a bit slack with the stroker side i cheated a bit as you can see in the picture of the rod, had this crank that was done years ago for a engine by dad put together
    think it brought the CC up to 120cc so i used it, im not as set up as you to do alot of stroker work on cranks haven't had enough practice i also thought of the roller set up on the std head or after market big valve head

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    Quote Originally Posted by FlyinBrian View Post
    Was the mutant the subject bike? If so, I suppose it was it the stock cam version? Are the "parasitic losses" characterized by the choppy curve?
    Just a test to see where I stood against what most would consider the best kits for the xr 100. In case you have never read my mutant guild thread that mutant did have the stock yx cam in it but that's not why the curve is a little rough. I was getting some wheel hop on dyno for some reason that day.

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    [QUOTE=sgtbilco;2172969]
    Quote Originally Posted by storminnorman07 View Post
    I like it! I intially thought about doing something like that but figured the purist would burn me on a cross. Interestingly enough in the mist of deciding how to build mine I found that if one machined a custom cam tower you could take the Takegawa roller cam and rockers and mate it with the 73-76' head. What bore and stroke did you go with yours?


    Click image for larger version. 

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Name:	KO XR bottom end.jpg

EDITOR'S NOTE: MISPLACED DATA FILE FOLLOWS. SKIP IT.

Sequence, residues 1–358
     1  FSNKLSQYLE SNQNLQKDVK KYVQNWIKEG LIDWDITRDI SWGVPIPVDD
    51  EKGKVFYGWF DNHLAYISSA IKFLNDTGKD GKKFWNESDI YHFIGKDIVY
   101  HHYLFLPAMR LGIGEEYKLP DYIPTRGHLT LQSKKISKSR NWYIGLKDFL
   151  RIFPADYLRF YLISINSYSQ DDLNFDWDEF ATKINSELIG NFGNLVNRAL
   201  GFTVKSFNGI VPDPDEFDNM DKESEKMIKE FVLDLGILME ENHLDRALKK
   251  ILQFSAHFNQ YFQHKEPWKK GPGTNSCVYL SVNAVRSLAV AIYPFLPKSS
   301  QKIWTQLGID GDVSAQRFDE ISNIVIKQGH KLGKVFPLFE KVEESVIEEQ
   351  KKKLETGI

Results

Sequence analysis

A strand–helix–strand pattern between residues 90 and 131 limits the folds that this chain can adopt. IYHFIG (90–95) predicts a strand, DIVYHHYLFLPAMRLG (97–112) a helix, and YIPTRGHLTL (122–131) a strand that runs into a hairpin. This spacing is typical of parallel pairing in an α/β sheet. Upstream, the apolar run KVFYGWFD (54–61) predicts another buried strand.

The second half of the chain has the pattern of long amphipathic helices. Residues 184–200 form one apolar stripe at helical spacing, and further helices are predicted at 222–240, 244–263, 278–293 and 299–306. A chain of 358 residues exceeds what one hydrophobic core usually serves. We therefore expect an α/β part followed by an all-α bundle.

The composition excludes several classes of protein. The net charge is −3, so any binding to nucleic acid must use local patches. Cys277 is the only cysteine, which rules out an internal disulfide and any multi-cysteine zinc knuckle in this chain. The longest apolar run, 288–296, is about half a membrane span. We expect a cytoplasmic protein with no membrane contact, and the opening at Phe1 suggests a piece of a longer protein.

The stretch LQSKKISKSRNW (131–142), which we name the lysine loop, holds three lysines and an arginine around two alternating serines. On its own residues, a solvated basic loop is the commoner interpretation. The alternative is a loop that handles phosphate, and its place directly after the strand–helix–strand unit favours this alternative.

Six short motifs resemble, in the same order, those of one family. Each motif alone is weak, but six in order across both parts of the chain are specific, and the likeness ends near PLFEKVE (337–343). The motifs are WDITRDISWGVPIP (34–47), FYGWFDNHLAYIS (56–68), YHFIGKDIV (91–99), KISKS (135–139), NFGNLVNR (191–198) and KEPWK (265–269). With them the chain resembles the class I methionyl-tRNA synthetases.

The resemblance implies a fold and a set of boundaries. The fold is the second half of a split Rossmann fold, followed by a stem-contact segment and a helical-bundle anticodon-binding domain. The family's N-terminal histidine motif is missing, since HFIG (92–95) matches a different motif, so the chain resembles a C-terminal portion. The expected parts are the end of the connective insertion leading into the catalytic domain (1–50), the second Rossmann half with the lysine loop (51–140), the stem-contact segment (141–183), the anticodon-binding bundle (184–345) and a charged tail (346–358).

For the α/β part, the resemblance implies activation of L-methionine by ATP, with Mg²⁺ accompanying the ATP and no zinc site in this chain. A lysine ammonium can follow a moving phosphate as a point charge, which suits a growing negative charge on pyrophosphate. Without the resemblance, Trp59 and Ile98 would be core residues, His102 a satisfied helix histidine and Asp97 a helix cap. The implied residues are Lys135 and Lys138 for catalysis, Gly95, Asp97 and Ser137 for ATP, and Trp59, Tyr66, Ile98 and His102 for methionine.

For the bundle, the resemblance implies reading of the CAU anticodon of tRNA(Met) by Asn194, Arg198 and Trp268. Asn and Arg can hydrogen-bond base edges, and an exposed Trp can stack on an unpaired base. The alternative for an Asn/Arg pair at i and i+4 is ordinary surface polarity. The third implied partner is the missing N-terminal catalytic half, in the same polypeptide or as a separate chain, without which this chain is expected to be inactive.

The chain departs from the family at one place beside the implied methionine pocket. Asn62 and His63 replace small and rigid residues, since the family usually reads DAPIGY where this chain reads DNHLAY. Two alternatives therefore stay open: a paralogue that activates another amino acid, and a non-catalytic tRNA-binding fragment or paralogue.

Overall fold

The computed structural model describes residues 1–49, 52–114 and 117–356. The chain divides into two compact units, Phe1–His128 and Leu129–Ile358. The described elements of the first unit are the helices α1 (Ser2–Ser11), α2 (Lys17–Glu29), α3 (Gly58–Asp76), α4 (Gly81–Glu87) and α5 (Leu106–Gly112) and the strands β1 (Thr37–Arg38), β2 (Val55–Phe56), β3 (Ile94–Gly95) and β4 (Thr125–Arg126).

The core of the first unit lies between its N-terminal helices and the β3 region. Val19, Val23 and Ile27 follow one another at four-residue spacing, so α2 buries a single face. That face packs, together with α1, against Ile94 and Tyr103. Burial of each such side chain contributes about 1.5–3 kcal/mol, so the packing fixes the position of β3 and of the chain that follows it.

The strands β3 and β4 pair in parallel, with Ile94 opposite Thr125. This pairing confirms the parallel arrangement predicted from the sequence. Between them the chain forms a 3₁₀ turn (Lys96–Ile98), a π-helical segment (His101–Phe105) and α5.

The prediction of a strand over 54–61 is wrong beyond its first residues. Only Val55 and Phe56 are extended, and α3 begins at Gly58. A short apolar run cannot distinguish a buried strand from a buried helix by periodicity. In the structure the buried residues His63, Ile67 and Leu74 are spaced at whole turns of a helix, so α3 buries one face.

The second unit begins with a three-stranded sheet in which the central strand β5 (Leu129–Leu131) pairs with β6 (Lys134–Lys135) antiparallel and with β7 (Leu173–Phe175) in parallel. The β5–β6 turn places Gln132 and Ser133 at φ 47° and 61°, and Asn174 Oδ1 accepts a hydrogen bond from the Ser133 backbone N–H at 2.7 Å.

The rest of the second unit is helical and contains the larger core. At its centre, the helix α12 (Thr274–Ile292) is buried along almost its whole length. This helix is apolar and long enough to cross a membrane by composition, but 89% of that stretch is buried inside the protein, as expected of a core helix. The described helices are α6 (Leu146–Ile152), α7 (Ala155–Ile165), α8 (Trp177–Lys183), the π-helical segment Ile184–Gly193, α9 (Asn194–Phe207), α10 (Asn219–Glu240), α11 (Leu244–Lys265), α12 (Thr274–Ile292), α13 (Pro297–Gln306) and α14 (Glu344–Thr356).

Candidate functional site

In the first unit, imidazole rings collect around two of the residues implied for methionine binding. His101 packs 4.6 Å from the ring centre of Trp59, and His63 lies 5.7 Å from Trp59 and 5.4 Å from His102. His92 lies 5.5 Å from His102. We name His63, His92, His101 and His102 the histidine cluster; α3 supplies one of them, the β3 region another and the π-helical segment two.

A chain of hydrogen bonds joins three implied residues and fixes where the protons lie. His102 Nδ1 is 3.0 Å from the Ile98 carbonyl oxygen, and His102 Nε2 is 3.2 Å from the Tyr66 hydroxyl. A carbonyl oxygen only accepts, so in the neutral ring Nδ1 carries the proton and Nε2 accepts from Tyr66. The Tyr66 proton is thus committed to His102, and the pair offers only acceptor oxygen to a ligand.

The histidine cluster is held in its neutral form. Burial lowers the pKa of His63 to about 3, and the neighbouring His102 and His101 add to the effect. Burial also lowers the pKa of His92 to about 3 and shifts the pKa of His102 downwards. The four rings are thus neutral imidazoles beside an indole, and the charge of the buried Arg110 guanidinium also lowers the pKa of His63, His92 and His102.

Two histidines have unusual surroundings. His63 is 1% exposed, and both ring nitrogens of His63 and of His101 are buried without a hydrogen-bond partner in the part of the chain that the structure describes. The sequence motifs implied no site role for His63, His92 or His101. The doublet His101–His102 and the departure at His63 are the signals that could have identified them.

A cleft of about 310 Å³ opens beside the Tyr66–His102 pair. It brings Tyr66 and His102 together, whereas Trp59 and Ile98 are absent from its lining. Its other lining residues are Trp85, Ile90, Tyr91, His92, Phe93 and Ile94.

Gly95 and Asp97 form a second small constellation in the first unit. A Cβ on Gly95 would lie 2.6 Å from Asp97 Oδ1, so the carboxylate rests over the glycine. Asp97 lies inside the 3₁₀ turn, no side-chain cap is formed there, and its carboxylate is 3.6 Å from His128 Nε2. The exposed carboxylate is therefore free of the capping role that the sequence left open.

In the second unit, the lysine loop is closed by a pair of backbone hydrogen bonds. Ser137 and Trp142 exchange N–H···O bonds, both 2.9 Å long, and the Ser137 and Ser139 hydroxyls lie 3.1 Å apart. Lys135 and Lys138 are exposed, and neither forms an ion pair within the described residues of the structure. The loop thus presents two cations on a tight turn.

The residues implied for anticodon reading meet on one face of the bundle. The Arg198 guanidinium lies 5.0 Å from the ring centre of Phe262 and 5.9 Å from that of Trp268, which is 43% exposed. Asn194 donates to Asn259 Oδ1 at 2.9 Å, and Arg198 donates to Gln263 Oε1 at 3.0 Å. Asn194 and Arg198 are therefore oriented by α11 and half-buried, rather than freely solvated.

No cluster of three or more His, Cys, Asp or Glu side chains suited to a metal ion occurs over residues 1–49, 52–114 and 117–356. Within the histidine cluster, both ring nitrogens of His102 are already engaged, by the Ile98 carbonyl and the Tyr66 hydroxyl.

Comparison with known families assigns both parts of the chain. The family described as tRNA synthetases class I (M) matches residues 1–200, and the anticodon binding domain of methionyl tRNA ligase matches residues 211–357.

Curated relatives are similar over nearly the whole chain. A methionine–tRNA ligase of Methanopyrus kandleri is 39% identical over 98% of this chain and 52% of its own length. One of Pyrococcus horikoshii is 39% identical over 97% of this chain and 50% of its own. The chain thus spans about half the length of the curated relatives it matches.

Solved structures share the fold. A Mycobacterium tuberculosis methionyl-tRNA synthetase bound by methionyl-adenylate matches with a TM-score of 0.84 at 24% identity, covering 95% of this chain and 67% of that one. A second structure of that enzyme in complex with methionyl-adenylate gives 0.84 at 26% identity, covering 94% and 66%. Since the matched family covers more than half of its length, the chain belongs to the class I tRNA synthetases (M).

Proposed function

Views:	23 
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ID:	204017
    Here is a couple of pics of the engine and some flow specs std XR head in the red versus take R head
    the piston i used was a 54mm take R piston out of a Z50 it had the right pin height and pin size and worked well with the valve reliefs
    the cam is a SR35 had a bit of trouble with spark plug clearance so modified the piston a bit and made up a spacer so the plug didn't screw in as much
    a bit slack with the stroker side i cheated a bit as you can see in the picture of the rod, had this crank that was done years ago for a engine by dad put together
    think it brought the CC up to 120cc so i used it, im not as set up as you to do alot of stroker work on cranks haven't had enough practice i also thought of the roller set up on the std head or after market big valve head
    Impressive work. It's barely noticeable where you relocated the holes. Am I seeing it correct you got away with just having to relocate 2? Also nice flow numbers. Every do any dyno work with it?

    Looks like you got yourself a powroll stroker. Bit it's pretty revvy with that inner rotor

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  11. #40
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    [QUOTE=storminnorman07;2172985][QUOTE=sgtbilco;2172969]
    Impressive work. It's barely noticeable where you relocated the holes. Am I seeing it correct you got away with just having to relocate 2? Also nice flow numbers. Every do any dyno work with it?

    Looks like you got yourself a powroll stroker. Bit it's pretty revvy with that inner rotor

    Yes your right got away with only 2 holes used a Wurth brand metal filler to refill the holes before i re-jigged for the dowels
    came up better than i thought
    I think your right about the powroll crank dad got it years ago thats when power roll was a heavy hitter in the go fast mini scene of the 70s
    the inner rotor set up is a PVL unit yes it is pretty responsive
    got a YZ80 ive restored with alot of modified engine bits and the man that did all the extra porting for me has a bike dyno and he wants me to bring the YZ down once ive base tunned it will ask him if he will put the XR up as well would be good to see all the figures